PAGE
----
- Nigeria can now subpoena about 10 banks in the U.S. for bank records of Jonathan, Diezani others
- Recall that the FG sought the bank account statements of some former public office holders from 10 foreign and local banks
- This will help Nigeria prove its claim that the $9.6 billion arbitration was obtained by P&ID by fraud
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In what comes as a huge relief, Nigeria can now subpoena about 10 banks in the U.S. for information needed to prosecute government officials allegedly connected to a British Virg*n Island engineering firm.
The order to subpoena the banks was given by a New York federal judge.
The engineering firm was allegedly involved in a bribery scheme and this led to a subsequent $9.6 billion arbitral claim against Nigeria.
According to news website law360.com, District Judge Lorna Schofield, who gave the ruling, ordered the banks to allow the Nigerian government have access to sundry account details of officials listed in its subpoena request.
The judge ruled that this would enable the Nigerian government prove its claim that the $9.6 billion arbitration was obtained by Process and Industrial Development (P&ID) by fraud.
Recall that Legit.ng had reported that the federal government has sought the bank account statements of some former public office holders from 10 foreign and local banks on the controversial P&ID Ltd gas deal.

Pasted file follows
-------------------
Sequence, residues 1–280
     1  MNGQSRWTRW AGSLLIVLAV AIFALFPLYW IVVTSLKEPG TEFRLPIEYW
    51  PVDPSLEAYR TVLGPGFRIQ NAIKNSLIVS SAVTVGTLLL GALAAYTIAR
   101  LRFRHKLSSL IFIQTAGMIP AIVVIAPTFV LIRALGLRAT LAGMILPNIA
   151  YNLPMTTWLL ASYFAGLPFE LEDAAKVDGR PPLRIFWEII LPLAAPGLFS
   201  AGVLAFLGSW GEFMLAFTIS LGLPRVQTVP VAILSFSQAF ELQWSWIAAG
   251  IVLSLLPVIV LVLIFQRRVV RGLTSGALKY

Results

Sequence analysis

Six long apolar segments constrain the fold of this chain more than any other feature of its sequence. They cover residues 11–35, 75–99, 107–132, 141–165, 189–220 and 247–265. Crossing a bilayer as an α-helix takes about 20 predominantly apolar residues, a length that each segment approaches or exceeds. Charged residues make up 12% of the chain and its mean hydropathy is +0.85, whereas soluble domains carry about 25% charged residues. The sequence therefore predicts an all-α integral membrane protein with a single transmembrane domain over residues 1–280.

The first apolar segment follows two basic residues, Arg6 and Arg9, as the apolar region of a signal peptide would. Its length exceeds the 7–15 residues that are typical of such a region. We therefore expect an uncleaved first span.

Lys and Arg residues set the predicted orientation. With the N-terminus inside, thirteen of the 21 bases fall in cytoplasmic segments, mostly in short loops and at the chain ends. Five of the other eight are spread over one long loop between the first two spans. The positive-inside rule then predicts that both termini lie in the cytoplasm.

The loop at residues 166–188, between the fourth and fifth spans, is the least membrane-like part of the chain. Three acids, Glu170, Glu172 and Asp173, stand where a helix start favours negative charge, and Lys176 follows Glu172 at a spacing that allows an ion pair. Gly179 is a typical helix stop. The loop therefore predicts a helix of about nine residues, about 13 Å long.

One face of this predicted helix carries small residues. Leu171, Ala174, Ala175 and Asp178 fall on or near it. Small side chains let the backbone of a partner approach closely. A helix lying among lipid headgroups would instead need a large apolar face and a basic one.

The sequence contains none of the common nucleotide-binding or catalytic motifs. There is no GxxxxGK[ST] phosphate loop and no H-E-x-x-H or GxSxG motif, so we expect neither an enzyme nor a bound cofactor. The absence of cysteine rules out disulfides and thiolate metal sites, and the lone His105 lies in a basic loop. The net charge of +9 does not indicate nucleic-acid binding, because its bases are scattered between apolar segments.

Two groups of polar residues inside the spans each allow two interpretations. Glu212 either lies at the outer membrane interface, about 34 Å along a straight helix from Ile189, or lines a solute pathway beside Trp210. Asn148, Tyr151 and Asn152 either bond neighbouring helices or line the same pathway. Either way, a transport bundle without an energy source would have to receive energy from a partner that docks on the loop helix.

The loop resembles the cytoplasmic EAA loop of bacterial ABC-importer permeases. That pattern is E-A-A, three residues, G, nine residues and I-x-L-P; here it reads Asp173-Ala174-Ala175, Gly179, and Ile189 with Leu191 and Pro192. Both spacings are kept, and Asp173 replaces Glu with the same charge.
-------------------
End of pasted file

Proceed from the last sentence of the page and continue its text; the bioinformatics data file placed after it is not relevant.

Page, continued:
Among those affected by the request are former president Goodluck Jonathan and his wife, Patience; former ministers of petroleum resources, Diezani Alison-Madueke and Rilwanu Lukman, who died on July 21, 2014.
Legit.ng gathered that the banks, which the details are required from are Citigroup, JPMorgan Chase, and New York branches of Deutsche Bank AG and United Bank for Africa (UBA) Plc.
According to the report, the attorney-general of the federation and minister of justice, Abubakar Malami (SAN), said the federal government is requesting that “all documents concerning any transactions, to, from, or for the benefit” of Jonathan and his wife between 2009 and the present day."
Malami said that the information contained in the document would help an ongoing investigation by the Economic and Financial Crimes Commission (EFCC) to know individuals in the P&ID ltd gas deal.
Although Malami didn’t mention Jonathan as a subject of the EFCC probe, the former president’s name appears alongside the ex-ministers in Nigeria’s proposed subpoenas.
Recent international media reports suggested the Nigerian government had subpoenaed bank records for Jonathan and his wife, Dame Patience, in the United States of America.
It was also gathered that Jonathan encouraged US authorities to cooperate fully with the Nigerian government on its demands.
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